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Candler v. Baker

United States District Court, E.D. California

September 24, 2019

KEITH CANDLER, Plaintiff,
v.
BAKER, et al., Defendants.

          ORDER

          ALLISON CLAIRE, UNITED STATES MAGISTRATE JUDGE.

         Plaintiff, a state prisoner proceeding pro se, has filed this civil rights action seeking relief under 42 U.S.C. § 1983. The matter was referred to a United States Magistrate Judge pursuant to 28 U.S.C. § 636(b)(1)(B) and Local Rule 302.

         Currently before this court is plaintiff’s motion to compel, filed on February 8, 2019. See ECF No. 22. For the reasons listed below, the motion will be denied.

         I. RELEVANT FACTS AND PROCEDURAL HISTORY

         Plaintiff alleges that he was sexually harassed in early June 2016, and that he filed a staff complaint on June 23, 2016 which accused defendant Baker of the harassment. See ECF No. 7 at 4, 12. Plaintiff alleges that defendants Baker, Gonzalez, Rashid, Whitehead and Marquez began to retaliate against him following his filing of the staff complaint. See id. at 4-9. Later, after receiving a falsified rules violation report and being found guilty of delaying a peace officer, plaintiff administratively appealed. See id. He alleges that in response to his appeals, defendants “conspired to inflict mental pain[] [on him]” during their shift and began a “campaign of retaliation” against him. See id. This conspiracy included incidents such as interference with plaintiff’s mental health treatment and/or access to it, physical intimidation, and unwarranted strip searches. See ECF No. 7 at 5-8. Plaintiff was also denied canteen privileges and medical appointments. See id. at 9.

         On October 17, 2017, the court found that plaintiff had stated the following cognizable claims: (1) First Amendment retaliation claims against defendants Baker, Gonzalez, Rashid, Whitehead and Marquez; (2) Section 1983 claims against defendants Baker, Gonzalez, Rashid, Whitehead and Marquez for conspiracy to retaliate against plaintiff for protected conduct; (3) Eighth Amendment claims against defendants Gonzalez, Marquez, Rashid and Whitehead for interference with medical care, and (4) Eighth Amendment claims against defendants Baker and Gonzalez for sexual harassment. See ECF No. 10 at 3-4.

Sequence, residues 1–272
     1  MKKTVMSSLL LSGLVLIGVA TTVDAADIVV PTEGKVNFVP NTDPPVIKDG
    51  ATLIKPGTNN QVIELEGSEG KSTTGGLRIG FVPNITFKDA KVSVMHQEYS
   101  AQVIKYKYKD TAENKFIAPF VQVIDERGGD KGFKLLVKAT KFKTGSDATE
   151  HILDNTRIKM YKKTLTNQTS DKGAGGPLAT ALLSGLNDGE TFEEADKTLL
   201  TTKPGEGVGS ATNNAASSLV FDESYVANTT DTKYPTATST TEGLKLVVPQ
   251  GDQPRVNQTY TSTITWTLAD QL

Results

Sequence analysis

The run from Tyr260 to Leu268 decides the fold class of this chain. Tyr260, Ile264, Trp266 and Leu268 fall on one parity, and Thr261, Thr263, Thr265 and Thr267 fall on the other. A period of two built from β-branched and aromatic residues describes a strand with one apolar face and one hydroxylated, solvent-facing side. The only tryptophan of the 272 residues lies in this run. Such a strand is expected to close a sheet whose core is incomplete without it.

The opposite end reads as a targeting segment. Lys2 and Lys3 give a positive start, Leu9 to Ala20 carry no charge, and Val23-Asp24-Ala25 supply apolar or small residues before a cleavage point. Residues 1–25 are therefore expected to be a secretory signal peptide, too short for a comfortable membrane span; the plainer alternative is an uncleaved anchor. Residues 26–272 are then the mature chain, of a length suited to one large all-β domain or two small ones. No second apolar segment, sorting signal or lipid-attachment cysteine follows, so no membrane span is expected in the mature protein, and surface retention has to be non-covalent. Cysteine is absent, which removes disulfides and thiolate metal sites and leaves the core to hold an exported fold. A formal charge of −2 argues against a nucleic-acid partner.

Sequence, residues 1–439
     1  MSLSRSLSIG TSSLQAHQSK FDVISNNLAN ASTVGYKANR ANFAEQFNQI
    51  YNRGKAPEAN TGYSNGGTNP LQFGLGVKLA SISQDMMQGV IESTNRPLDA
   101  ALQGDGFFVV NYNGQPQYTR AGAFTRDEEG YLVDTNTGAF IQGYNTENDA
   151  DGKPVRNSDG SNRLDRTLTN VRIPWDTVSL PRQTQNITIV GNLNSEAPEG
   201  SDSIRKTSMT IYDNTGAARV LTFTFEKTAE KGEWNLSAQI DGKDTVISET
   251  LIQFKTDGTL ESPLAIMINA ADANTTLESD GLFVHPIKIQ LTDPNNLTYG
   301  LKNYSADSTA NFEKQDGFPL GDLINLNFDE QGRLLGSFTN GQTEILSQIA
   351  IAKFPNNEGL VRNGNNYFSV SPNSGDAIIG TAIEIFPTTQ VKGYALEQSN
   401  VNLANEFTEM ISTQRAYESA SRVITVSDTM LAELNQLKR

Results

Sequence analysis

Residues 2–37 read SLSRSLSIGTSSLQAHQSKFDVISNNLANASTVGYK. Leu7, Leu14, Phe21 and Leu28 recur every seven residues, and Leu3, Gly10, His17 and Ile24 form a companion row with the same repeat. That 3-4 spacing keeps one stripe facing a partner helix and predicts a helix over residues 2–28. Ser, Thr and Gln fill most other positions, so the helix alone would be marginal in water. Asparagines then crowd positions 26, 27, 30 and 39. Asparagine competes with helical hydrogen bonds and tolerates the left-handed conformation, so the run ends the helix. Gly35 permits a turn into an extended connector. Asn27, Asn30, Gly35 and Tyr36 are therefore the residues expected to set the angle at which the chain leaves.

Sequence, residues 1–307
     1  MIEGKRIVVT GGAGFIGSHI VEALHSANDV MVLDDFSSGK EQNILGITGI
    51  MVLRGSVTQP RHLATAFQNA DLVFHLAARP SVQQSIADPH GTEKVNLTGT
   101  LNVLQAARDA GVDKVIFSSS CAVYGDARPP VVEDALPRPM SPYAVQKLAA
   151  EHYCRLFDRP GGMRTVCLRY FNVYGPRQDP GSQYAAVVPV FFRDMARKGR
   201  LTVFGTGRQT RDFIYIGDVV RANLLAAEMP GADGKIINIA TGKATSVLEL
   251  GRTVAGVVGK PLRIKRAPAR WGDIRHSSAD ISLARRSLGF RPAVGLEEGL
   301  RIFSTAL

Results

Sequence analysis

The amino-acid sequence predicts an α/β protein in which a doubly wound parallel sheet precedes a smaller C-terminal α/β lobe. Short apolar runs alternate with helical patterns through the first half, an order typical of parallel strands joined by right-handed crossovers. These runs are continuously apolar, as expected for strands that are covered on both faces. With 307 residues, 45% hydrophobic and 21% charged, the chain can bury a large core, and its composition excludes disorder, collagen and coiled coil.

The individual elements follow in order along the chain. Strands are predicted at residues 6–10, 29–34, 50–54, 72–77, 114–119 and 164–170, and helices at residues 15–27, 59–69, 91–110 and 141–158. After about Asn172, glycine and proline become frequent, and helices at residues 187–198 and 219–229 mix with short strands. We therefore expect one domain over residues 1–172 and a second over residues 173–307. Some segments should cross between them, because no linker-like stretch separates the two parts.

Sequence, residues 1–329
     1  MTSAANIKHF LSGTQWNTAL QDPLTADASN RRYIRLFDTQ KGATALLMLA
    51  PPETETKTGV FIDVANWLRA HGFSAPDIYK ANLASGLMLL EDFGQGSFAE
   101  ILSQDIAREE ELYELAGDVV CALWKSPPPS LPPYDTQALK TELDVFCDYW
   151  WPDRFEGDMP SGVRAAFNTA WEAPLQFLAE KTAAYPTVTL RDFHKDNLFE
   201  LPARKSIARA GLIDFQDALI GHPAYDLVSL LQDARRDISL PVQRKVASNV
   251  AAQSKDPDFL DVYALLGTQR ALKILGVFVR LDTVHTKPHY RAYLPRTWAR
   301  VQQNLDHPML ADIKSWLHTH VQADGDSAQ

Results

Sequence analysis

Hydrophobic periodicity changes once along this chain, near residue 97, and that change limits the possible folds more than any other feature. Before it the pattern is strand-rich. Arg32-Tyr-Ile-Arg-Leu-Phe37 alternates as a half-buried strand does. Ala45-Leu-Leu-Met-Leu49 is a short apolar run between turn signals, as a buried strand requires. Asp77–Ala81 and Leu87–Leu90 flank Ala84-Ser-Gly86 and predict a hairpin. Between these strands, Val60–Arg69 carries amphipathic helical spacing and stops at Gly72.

On October 26, 2018, a discovery and scheduling order was issued and discovery proceedings began. See ECF No. 21. The record indicates that on January 31, 2019, the parties met and conferred regarding the production of certain documents to plaintiff. See ECF No. 22 at 1; ECF No. 23 at 8. On February 8, 2019, plaintiff filed a motion to compel. ECF No. 22. Defendants filed an opposition to the motion on February 28, 2019. ECF No. 23.

         On March 27, 2019, plaintiff filed a declaration in support of his motion to compel (ECF No. 24), [1] and on April 18, 2019, plaintiff filed a request for judicial notice (ECF No. 25). The court construes plaintiff’s request for judicial notice as his reply to defendants’ opposition to his motion to compel. The matter is fully briefed and ready for review.

         II. PLAINTIFF’S MOTION TO COMPEL

         In plaintiff’s motion, he takes issue with defendants’ responses to the following requests for production (“RFPs”) of documents: (1) the RFP statements defendants Rashid and Baker made to interviewer Gonzalez in appeal number SAC-S-16-02293; (2) the RFP statements made that defendants Gonzalez and Baker made to the interviewer Heise in appeal number SAC-S-16-03276, and (3) the RFP statements of defendant Whitehouse when interviewer defendant Gonzalez interviewed him in appeal number SAC-S-16-03252. See ECF No. 22 at 1. Plaintiff writes in relevant part:

Instead of producing the actual documents so that [I] could see how the investigators asked questions related to [my] claims, defendants only produced answers that was [sic] interpreted as interrogatorys [sic]. Defendants are refusing to give up the official documents which is [sic] important to help prove the conspiracy [sic] allegations which involves [sic] cover-ups and defendants and their buddies practicing the code of silence.
The lack of official documents thwart [sic] plaintiff from producing them to the courts for oppositions [sic] or to a jury.
As of now [I don’t] know how many questions was [sic] asked, what questions was [sic] asked or if the formula used to investigate the appeal matters was according to an official C.D.C.R. policy.